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Prof. Joselito Guianan Chan's The Labor Code of the Philippines, Annotated Labor Standards & Social Legislation Volume I of a 3-Volume Series 2019 Edition (3rd Revised Edition)
 

 
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G.R. No. 48838   February 19, 1943 - PEOPLE OF THE PHIL. v. RUPERTO ROQUE<br /><br />074 Phil 112

 
PHILIPPINE SUPREME COURT DECISIONS

FIRST DIVISION

[G.R. No. 48838. February 19, 1943.]

THE PEOPLE OF THE PHILIPPINES, Plaintiff-Appellee, v. RUPERTO ROQUE, Defendant-Appellant.

Cardenas & Casal and Duran, Lim & Bausa for Appellant.

Assistant Solicitor-General Cañizarez and Solicitor Rosal for Appellee.

SYLLABUS


COMMONWEALTH ACT NO. 104; VALIDITY OF ORDER OF SECRETARY OF LABOR ISSUED UNDER SECTIONS 1 AND 6 THEREOF; VIOLATION OF SAID ORDER. — An order of the Secretary of Labor requiring appellant to make repairs on an engine so as to eliminate excessive vibrations, and to stop the operation of the engine until the defect is corrected, is valid, and a failure to comply with said order constitutes a violation of the provisions of Commonwealth Act No. 104 for which appellant may be prosecuted. Under sections 1 and 6 of said Act, the Secretary of Labor may issue any order not only to establish safety standards but also to promote and increase the safety of laborers. Such order may be issued to any individual, without the need of any general regulation, because the Secretary of Labor is given discretionary powers to give any order which may be conducive to the safety of laborers. Such is the significance of the words, "and otherwise to promote and increase the safety of laborers and employees." The court is not disposed to countenance any interpretation of the law which would so circumscribe the powers of the Department of Labor as to defeat the plain intendment of the law, which is the safety of laborers. Moreover, appellant can not complain of any arbitrariness, inasmuch as it was his inescapable duty as a law-abiding citizen to suspend the operation of the engine, once competent authority had ordered him to do so, and if he felt aggrieved, he could have asked the Department of Labor for a reinvestigation or for an extension of time for compliance. He might also have resorted to the courts, if he doubted the legality of the order of the Secretary of Labor. Instead of taking any of these steps, he openly disobeyed said order. The appellant’s dereliction disregards those fundamental notions which a thoughtful employer and neighbor would cherish.


D E C I S I O N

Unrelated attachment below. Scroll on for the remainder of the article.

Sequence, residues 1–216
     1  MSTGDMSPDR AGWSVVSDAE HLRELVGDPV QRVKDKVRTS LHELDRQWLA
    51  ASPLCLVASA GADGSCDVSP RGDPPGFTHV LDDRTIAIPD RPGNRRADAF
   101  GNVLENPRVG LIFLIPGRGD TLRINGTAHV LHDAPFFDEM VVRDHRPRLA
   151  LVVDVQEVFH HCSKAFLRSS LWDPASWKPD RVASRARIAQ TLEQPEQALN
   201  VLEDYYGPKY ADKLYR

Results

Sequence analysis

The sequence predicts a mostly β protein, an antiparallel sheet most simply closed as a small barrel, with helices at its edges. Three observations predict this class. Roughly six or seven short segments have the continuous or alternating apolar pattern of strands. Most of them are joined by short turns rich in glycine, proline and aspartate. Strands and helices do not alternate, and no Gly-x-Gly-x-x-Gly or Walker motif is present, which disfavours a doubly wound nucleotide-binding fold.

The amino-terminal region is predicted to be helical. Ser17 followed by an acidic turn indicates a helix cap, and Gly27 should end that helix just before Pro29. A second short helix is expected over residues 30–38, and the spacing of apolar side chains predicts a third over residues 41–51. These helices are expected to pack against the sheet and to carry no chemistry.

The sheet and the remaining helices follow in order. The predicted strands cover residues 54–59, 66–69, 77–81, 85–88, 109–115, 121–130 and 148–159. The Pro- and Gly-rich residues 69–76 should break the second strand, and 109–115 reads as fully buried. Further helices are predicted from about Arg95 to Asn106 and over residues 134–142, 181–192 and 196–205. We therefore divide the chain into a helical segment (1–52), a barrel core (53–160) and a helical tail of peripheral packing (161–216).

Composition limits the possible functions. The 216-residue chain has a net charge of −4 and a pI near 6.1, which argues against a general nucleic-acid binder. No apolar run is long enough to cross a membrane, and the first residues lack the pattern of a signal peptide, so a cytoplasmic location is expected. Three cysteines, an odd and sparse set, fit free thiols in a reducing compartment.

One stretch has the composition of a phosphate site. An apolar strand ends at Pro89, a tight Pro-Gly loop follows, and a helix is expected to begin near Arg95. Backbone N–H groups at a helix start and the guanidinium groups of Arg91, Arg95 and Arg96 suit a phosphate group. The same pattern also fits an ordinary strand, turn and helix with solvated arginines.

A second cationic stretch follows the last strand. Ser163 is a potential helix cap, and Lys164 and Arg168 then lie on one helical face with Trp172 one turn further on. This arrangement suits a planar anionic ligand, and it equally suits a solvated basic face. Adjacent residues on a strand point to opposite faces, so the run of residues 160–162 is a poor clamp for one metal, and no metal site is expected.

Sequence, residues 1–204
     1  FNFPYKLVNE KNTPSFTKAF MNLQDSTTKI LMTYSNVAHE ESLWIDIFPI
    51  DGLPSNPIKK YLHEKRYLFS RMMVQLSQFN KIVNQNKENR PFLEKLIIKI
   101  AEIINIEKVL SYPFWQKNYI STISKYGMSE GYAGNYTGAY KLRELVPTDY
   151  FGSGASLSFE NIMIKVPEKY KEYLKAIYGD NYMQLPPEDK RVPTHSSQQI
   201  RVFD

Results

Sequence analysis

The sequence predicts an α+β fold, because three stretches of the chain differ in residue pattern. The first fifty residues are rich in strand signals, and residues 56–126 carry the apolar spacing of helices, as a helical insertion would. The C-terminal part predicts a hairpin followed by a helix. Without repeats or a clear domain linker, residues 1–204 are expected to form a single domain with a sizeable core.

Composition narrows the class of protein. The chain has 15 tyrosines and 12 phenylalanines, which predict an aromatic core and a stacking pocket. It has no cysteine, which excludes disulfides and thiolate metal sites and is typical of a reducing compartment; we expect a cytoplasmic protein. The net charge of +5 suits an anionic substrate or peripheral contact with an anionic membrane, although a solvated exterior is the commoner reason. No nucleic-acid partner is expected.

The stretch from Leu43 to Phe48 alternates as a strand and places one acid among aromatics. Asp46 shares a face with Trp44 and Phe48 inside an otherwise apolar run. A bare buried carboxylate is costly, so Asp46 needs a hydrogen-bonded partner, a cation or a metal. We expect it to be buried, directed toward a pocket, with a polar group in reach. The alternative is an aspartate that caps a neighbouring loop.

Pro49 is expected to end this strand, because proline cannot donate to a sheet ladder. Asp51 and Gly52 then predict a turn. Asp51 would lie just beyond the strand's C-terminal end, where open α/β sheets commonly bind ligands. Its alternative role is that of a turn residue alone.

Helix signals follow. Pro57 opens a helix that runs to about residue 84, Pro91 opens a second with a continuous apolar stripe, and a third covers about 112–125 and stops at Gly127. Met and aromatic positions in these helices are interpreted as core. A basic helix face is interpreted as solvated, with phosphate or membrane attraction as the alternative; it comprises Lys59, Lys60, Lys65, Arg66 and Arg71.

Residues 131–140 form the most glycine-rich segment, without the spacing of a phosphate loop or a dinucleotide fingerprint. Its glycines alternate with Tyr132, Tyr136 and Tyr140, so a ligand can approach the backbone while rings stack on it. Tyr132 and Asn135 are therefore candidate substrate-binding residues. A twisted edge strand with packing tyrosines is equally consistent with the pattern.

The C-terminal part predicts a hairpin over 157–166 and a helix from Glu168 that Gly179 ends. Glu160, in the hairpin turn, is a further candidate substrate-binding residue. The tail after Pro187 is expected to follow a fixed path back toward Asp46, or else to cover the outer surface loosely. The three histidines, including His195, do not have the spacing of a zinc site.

BOCOBO, J.:


Appellant questions the validity of an order of the Secretary of Labor requiring him to make repairs on an engine so as to eliminate excessive vibrations, and to stop the operation of the engine until the defect is corrected.

It appears that appellant owned an ice plant and rice mill at Malolos, Bulacan. The engine in question, which was in operation in the establishment, caused vibrations which were felt within a radius of 200 meters. Upon complaint of persons living in the neighborhood, the Department of Labor sent its experts to investigate the condition of the engine. After such investigation, the engineers of the Department of Labor reported that "the engine is vibrating very badly due to improper design of foundation, transmitting its vibration to buildings within a radius of about 200 meters, shaking and undermining the foundations of the same, presenting not only an unnecessary nuisance and disturbance to the people in the neighborhood but serious hazards endangering the lives of the laborers working therein." The report recommended, among other things, that the foundation of the engine be improved, and that the operation of the engine be stopped until the vibrations were corrected. Consequently, the Secretary of Labor on October 20, 1937, addressed a letter to appellant, enjoining him to comply with the engineers’ recommendations with the least possible delay. Appellant replied on October 23, 1937, through his attorney, Jose M. Casal, saying that the cause of the vibrations was the configuration of the soil, which was beyond his control. Thereupon, the Secretary of Labor on December 6, 1937, reiterated his order, invoking sections 1 and 6 of Commonwealth Act No. 104, but appellant continued the operation of the engine, without doing anything to stop the vibrations. Appellant was, therefore charged with violation of an order of the Secretary of Labor, and was sentenced by the Court of First Instance of Bulacan to pay a fine of P300 with subsidiary imprisonment in case of insolvency, and costs.